When walking your dog, do you pay attention to what your dog is doing, or are you busy with your smartphone?
Every day, I see people walking their dogs. There is nothing special about it. Dogs need to go out.
What is funny about it, and tragic for the dogs, is that the dog’s owners sometimes seem oblivious to their dogs. They take the dogs out for some specific purposes, but they seem to forget these purposes when they go out with their dogs.
Things Dogs Do Outside
I see people walking their dogs, wholly immersed in the screens of their smartphones and oblivious to their dogs’ behavior.
The dog needs to pee, but the person walking the dog often keeps walking with their eyes glued to the screen, and the poor dog can hardly finish peeing.
One of the things dogs love to do is to sniff and smell signposts, walls, and shrubs. However, the people walking their dogs sometimes continue walking, oblivious to what the dog is doing.
Instead of paying attention to the dog, they pay attention to their smartphone.
They continue walking, dragging their dogs, and not allowing their dogs to enjoy what they enjoy doing.
There is another thing I would like to mention. Many dog owners go with a leash that can be extended. Often, the dog runs to the other side of the sidewalk, and the leash obstructs the way for the pedestrians.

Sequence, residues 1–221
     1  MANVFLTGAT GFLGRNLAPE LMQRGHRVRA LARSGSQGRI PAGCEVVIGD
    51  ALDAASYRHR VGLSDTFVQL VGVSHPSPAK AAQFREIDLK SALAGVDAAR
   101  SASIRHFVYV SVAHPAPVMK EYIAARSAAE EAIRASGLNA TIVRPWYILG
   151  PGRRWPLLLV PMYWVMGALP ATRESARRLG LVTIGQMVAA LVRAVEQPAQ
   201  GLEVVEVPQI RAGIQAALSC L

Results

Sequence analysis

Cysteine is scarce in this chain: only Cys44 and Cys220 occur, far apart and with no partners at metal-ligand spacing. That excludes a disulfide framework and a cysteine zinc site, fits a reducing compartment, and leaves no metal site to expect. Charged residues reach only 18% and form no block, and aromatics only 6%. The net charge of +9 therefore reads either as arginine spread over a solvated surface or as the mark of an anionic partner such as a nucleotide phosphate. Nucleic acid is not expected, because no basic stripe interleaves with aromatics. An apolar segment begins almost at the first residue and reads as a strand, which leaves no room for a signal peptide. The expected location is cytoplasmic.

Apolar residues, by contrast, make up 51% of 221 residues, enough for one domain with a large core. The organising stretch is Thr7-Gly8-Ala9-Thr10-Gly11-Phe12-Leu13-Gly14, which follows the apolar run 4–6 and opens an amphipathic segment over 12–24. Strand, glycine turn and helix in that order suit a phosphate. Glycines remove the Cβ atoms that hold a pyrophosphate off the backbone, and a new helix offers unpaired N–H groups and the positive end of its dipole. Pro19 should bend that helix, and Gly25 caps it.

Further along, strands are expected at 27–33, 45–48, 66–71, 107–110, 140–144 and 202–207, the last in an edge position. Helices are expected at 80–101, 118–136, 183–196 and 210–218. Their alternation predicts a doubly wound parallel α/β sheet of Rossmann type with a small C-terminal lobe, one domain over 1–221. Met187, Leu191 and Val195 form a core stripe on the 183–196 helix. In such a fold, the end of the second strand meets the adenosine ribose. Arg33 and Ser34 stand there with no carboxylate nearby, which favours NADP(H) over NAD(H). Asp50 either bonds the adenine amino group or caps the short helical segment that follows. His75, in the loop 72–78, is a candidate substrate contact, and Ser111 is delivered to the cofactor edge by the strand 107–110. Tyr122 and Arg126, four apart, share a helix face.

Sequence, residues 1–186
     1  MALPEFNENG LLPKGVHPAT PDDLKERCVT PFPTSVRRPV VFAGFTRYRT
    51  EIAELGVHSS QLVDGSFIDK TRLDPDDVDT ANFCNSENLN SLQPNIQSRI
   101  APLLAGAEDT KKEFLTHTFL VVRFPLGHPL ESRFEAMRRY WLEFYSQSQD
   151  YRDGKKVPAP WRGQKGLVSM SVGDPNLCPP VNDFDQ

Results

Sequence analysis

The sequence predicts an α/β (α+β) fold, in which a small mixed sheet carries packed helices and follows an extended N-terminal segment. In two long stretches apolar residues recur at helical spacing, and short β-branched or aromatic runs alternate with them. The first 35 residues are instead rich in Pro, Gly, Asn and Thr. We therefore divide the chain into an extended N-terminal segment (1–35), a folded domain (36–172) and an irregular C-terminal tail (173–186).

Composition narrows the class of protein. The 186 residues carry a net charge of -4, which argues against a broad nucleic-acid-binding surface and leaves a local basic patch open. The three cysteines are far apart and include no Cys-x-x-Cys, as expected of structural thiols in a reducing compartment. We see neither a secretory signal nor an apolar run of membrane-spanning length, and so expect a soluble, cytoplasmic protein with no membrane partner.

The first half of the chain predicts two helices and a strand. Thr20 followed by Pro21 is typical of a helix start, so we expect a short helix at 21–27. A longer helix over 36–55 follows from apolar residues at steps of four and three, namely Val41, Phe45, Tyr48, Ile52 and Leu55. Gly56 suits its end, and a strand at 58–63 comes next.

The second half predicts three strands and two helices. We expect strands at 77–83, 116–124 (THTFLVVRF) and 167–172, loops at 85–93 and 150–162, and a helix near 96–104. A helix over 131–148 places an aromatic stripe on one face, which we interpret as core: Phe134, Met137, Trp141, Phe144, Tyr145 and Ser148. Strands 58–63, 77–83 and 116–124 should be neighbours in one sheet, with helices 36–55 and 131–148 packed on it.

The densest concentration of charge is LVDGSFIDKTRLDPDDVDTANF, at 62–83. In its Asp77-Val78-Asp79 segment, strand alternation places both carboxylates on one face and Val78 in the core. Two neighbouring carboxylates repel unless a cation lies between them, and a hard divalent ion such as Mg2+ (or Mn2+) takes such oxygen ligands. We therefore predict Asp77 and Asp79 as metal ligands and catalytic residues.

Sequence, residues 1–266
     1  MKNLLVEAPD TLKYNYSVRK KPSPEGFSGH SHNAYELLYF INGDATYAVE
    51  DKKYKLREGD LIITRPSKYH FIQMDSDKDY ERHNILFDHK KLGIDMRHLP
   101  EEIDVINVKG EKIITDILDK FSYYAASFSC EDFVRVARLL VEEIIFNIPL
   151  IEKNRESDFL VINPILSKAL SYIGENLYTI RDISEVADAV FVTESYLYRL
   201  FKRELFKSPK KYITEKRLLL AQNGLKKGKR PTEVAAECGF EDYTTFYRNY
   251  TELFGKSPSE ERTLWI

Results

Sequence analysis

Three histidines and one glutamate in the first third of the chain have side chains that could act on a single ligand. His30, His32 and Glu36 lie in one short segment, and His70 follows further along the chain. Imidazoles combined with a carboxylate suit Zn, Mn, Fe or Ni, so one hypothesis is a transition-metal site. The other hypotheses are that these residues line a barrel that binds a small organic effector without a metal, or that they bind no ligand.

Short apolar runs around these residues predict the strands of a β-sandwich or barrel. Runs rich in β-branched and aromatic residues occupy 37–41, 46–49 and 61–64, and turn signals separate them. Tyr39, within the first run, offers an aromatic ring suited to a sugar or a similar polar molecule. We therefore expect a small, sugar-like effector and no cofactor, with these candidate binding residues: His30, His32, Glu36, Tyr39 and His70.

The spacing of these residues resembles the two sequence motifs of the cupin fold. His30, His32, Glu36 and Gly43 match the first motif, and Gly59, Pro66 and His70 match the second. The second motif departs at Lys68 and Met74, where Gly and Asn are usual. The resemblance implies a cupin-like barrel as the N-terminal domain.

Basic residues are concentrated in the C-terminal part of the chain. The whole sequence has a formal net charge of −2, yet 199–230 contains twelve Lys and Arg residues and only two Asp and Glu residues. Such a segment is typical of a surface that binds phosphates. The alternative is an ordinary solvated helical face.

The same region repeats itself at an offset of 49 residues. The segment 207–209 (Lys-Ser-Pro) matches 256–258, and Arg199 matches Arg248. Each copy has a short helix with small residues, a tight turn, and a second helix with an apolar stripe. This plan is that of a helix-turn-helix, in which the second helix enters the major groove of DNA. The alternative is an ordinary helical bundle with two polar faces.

I see this often happening, and I have to find a way to go around so as not to stumble on the leash.
It looks like the dog’s owner wants to keep watching the smartphone screen, reading, and texting. Taking the dog out sometimes seems like a pretext to go out of home for a while.
Often, I see people with dogs and without dogs oblivious of what is happening around them, and even bump or almost bump into signposts or electricity poles.
To clarify, I don’t own a dog, and what I have written is just from observation.
Look at the World, not just at the Screen of Your Smartphone
A Few Suggestions
1. Try to be more aware of the dog’s needs and what it is doing when taking it for a walk. You will lose nothing if you put your smartphone in your pocket for a few minutes.
2. Enjoy the time when you are out. Look at the people, the trees, and the cars. See the sky, the clouds, and the tops of the buildings.
There is a whole beautiful world around you, which you miss when you glue your eyes to the small screen.
This advice is suitable not only for dog owners but for everyone.
3. These few minutes you go out can help you see the real world, not just the virtual world of the Internet. This will develop more empathy, observation, and awareness of your surroundings, which will help you in all areas of your life.